Ketones — The 6 Must-Knows

Editor's Note: Kyla Schmieg (BSN, RN) is a practicing pediatric endocrinology nurse in Cincinnati, OH, USA, and Type 1 Diabetic, working on the same unit she was diagnosed at 26 years ago. 1 - What are ketones? Ketones are chemicals that build up when your body starts to burn fat for energy. The most common cause of ketones in diabetics is insulin deficiency. Without enough insulin, glucose builds up in the blood stream and can’t enter cells. The cells then burn fat instead of glucose. This results in ketones forming in the blood and eventually spilling into urine. 2 - Why ketones can be bad? Having ketones can be bad because they can indicate that your body needs more insulin. Ketone build up can also lead to Diabetic Ketoacidosis (DKA). Signs of DKA include moderate or large ketones, nausea,vomiting, abdominal pain, fruity or acetone (think nail polish remover) breath, rapid breathing, flushed skin, and lack of energy. 3 - When should you check for ketones? Ketones should be checked anytime your blood sugar is above 240 or any time you are sick. This includes any minor illness such as a cold. 4 - Can you get ketones with a high blood sugar? Ketones typically accompany high blood sugar. Ketones indicate your body needs more insulin. Most often if your body needs more insulin, it means your probably have a high blood sugar. Also, when an illness is present, your body releases hormones in response to the stress. These hormones lead to elevated blood glucose. That is why it’s recommended to test ketone levels during illness. 5 - Can you get ketones with a normal or low blood sugar? Ketones can also be present when your blood sugar is normal or low. These are sometimes referred to as "starvation ketones" or "nutritional ketones." During an illness or extreme diet change, if you have a significant decrease in carb intake, this can lead to the body using fat for energy because there are not enough carbs present to burn. Your blood sugar could remain normal or even be low in this case but your body could still be producing ketones. 6 - What should you do if you have ketones? It is recommended that you drink 8 ounces of water or carb/caffeine free beverage every 30-60 minutes to help flush out the ketones. Again, ketones are a sign that your body needs more insulin. Some people might already have an insulin dosing plan in place related to ketones. It’s typically a percentage of your daily lantus dose or percentage of your total daily basal volume (for pump users) based on whether ketones are small, moderate or large. It is always best to call your endocrinologist to verify what they recommend when ketones are present.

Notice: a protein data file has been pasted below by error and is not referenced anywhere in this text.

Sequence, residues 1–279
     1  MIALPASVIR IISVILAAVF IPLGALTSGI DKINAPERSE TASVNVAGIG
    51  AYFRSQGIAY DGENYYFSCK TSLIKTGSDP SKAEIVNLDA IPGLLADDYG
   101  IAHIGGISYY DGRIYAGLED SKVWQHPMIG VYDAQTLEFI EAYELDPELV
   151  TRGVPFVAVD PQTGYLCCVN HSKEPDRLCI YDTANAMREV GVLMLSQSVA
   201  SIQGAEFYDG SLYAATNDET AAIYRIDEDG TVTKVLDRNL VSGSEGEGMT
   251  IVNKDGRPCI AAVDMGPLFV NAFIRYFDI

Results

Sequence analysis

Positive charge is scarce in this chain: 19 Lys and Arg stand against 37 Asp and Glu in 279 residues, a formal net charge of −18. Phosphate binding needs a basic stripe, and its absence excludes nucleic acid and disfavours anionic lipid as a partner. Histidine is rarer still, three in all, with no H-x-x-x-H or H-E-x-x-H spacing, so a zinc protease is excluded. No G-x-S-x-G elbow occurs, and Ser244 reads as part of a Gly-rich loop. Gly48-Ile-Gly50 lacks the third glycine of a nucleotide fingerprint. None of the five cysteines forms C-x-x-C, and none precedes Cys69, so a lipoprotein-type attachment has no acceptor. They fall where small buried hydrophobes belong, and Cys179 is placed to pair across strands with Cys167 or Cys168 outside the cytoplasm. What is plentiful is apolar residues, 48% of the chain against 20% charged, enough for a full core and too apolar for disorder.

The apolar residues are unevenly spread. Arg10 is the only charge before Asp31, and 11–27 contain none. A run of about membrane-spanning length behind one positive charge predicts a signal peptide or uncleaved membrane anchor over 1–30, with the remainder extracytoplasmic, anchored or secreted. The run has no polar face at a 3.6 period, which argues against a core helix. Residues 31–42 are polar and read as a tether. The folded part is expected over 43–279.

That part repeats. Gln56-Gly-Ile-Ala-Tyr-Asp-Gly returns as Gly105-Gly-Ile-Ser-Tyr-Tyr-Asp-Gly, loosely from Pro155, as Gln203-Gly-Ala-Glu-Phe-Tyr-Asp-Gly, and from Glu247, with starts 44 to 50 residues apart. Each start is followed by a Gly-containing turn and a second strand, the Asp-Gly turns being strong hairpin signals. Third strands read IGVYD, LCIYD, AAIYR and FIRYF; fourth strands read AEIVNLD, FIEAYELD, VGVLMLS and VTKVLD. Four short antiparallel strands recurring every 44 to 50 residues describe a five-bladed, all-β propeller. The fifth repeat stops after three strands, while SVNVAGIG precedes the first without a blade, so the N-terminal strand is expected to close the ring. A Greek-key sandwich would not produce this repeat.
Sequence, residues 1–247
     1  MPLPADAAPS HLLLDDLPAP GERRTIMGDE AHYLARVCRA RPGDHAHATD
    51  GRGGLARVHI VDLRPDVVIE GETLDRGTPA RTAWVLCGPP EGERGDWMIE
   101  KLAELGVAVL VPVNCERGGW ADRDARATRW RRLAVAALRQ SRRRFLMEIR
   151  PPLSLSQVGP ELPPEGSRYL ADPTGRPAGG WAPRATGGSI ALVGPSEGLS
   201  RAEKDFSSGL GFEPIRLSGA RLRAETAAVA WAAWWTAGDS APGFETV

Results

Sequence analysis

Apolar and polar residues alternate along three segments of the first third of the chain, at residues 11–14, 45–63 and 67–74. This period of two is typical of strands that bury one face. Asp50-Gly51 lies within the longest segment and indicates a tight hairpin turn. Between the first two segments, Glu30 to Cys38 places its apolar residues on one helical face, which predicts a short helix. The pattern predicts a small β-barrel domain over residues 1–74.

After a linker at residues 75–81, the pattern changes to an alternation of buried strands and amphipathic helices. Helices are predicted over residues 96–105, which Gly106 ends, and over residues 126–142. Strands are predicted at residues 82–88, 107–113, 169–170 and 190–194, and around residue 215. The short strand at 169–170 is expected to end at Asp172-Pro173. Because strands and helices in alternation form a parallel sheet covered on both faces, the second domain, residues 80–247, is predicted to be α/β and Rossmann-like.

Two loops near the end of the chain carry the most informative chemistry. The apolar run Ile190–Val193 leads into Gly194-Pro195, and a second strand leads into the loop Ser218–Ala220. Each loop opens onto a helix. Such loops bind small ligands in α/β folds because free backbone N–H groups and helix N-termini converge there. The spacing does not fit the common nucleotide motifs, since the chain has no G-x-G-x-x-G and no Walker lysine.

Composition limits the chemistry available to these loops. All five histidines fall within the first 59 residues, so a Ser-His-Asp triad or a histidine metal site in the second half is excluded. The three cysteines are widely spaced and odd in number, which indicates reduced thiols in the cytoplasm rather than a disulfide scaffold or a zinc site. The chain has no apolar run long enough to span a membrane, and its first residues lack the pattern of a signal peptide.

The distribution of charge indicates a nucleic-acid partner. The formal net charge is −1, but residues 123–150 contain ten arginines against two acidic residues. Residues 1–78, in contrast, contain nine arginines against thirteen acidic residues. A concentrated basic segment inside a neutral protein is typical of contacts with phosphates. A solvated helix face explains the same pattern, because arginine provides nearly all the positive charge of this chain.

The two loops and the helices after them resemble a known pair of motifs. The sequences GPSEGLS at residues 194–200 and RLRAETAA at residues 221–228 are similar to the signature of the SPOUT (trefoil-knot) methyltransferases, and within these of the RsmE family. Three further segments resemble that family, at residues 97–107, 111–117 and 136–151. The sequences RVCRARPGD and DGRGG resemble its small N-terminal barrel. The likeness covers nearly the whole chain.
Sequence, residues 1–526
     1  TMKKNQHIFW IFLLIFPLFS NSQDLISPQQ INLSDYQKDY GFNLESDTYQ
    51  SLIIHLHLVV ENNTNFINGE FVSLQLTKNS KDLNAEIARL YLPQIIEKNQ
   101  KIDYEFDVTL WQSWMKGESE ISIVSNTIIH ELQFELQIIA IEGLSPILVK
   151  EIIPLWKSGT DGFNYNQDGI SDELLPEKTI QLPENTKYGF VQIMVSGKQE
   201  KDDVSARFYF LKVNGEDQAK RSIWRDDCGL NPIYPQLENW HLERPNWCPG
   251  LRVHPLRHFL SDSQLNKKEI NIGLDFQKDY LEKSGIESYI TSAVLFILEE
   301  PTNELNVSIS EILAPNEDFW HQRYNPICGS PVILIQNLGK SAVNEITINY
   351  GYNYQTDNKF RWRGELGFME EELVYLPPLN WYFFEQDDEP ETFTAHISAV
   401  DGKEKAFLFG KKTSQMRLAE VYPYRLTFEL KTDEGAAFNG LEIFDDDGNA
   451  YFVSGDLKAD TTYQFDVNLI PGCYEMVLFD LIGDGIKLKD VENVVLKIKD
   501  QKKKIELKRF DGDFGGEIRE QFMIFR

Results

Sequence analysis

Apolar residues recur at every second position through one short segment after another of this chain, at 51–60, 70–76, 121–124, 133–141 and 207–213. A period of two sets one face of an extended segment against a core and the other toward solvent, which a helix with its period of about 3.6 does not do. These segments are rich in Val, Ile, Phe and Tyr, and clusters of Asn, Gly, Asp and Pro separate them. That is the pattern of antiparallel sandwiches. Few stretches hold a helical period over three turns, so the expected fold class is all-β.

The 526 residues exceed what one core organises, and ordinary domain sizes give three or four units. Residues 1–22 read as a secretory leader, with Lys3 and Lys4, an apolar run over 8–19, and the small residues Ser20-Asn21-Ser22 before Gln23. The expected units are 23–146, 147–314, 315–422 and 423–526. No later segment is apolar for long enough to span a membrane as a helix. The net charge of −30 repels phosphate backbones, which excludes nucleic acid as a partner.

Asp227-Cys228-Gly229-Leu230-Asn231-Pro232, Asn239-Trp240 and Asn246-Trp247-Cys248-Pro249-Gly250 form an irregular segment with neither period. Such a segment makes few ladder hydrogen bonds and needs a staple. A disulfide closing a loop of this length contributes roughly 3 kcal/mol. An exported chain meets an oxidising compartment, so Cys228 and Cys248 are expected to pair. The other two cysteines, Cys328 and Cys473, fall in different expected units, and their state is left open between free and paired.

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Many people with Type 1 share a similar diagnosis story. They display all the classic symptoms (extreme thirst, weight loss, frequent urination, nausea) and were fortunate enough to be accurately diagnosed by their primary care doctor. However, some people with Type 1 are not as fortunate to quickly receive a correct diagnosis.

All About DKA

Diabetic ketoacidosis (DKA) is a complication from diabetes that can be serious and life-threatening. DKA is often a common factor when first diagnosed with Type 1 diabetes and can often be mistaken for flu symptoms. It occurs when the body is not receiving enough insulin to break down glucose, which forces the body to start breaking down fat as fuel. Ketones are then released into the body. Elevated ketones in the urine, severe weight loss, extreme thirst, blurry vision and disorientation are all signs of DKA.

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Michelle Lord shares her DKA experience + the importance of testing for ketones.

A Deadly Lack of Information

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STICH Protocol for DKA Management

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Ketone Meters: What to Look For

You might be surprised to hear that ketones are a necessary part of your body’s metabolic processes – after all, any mention of “ketones” is usually accompanied by feelings of dread among PWDs.